G C Lichtenberg: “It is as if our languages were confounded: when we want a thought, they bring us a word; when we ask for a word, they give us a dash; and when we expect a dash, there comes a piece of bawdy.”
W H Auden: "But in my arms till break of day / Let the living creature lie. / Mortal, guilty, but to me/ The entirely beautiful."
Will Self: “To attempt to write seriously is always, I feel, to fail – the disjunction between my beautifully sonorous, accurate and painfully affecting mental content, and the leaden, halting sentences on the page always seems a dreadful falling short. It is this failure – a ceaseless threnody keening through the writing mind – that dominates my working life, just as an overweening sense of not having loved with enough depth or recklessness or tenderness dominates my personal one.”
John Gray: "Unlike Schopenhauer, who lamented the human lot, Leopardi believed that the best response to life is laughter. What fascinated Schopenhauer, along with many later writers, was Leopardi’s insistence that illusion is necessary to human happiness."
Art Spiegelman: "You know words in a way are hitting you on the left side of your brain, music and visual arts hit on the right side of the brain, so the idea is to pummel you, to send you from left brain to right brain and back until you're as unbalanced as I am."
विलास सारंग: "संदर्भ कुठलेही असोत, संस्कृत, इंग्रजी, बुद्धिवादी, तांत्रिक, इतिहासाचे, खगोलशास्त्राचे, आधुनिक पदार्थविज्ञानाचे, शिवकालीन व पेशवाईतील बखरीचे, अगणित ज्ञानक्षेत्रांचे, अशा वैविध्यपूर्ण ज्ञानावर लेखन- विशेषत: कवितालेखन- उभं राहत."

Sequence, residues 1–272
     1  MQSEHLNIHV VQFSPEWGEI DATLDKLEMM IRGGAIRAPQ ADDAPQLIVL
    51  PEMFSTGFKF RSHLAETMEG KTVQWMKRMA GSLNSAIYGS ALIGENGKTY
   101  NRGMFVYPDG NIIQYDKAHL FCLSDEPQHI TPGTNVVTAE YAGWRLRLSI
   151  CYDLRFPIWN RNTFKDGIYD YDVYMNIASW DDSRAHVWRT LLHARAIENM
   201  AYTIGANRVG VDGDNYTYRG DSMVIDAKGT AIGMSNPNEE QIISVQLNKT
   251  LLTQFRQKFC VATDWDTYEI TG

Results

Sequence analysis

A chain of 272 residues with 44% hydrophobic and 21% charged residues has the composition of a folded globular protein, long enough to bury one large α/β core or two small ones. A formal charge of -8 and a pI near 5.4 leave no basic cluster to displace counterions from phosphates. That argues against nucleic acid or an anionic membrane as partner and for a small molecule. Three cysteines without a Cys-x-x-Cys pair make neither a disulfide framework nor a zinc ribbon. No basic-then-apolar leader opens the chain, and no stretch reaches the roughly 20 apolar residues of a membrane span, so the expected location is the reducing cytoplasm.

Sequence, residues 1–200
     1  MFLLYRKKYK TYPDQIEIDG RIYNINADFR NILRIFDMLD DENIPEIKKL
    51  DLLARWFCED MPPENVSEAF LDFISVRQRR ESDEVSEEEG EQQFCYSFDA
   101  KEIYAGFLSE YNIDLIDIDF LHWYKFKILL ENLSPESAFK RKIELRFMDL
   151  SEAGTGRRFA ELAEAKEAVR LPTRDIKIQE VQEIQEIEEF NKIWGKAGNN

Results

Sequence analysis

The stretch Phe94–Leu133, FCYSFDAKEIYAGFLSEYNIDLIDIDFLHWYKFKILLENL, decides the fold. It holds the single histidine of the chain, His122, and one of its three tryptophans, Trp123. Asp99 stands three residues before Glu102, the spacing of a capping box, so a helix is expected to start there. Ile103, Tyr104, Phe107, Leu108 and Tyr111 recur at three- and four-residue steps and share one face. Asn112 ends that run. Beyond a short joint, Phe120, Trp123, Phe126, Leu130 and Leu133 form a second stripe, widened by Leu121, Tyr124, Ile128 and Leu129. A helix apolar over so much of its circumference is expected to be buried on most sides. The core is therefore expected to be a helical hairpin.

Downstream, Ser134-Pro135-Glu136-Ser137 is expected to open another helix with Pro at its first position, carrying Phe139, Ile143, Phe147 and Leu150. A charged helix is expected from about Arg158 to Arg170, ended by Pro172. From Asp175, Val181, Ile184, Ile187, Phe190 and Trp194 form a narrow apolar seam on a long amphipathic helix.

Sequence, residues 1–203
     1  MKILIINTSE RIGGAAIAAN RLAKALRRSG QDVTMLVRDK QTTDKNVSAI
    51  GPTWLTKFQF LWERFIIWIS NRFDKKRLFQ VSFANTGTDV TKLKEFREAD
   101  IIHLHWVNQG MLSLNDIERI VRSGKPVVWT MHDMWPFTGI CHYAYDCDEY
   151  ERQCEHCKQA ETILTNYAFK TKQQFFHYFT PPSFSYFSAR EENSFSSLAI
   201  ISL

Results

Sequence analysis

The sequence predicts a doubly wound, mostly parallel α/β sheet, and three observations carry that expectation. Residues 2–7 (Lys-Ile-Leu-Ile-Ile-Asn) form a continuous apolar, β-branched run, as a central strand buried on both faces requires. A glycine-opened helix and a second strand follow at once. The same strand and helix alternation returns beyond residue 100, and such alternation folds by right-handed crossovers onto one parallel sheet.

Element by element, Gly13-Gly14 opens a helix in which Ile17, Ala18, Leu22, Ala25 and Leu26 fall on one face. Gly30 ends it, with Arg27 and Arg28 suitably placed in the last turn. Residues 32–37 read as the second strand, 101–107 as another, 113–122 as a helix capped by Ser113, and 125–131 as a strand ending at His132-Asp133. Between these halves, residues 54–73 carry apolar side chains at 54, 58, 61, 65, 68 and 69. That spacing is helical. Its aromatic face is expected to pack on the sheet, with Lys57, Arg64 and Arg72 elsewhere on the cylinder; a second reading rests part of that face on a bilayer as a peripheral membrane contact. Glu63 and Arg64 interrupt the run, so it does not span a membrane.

Saturday, March 19, 2011
"...And so from the very start India was a place made up of land and people from somewhere else..."
[Chapter 2, 'Time and Space in India' from her book 'The Hindus: An Alternative History', 2009]
(notice the word: 'land' in the quote above)
The Times of India reported on December 10 2009 that Dr. Dwarkanath Shantaram Kotnis (द्वारकानाथ शांताराम कोटणीस) is in the list of China's top ten foreigners who made exceptional contributions to the country in the past 100 years.
What an honour!
Very few native Marathi speaking persons have been feted on such a scale on the global stage.
What about top ten foreigners, not necessarily friends or well-wishers, who have visited India since Alexander the great and shaped India's destiny for the better or the worse?
Here a foreigner means someone who was not borne or raised in the subcontinent.
Here is an attempt:
Alexander the great 356–323 BCE
Mahmud of Ghazni 971-1030
Vasco da Gama 1460/1469–1524
Ahmad Shah Durrani/Abdali 1722–1773
Robert Clive 1725–1774
William Jones 1746-1794
Thomas Babington Macaulay 1800–1859
The Lord Curzon of Kedleston 1859–1925
Mother Teresa 1910–1997
Artist: Mischa Richter, The New Yorker, 9 October 1965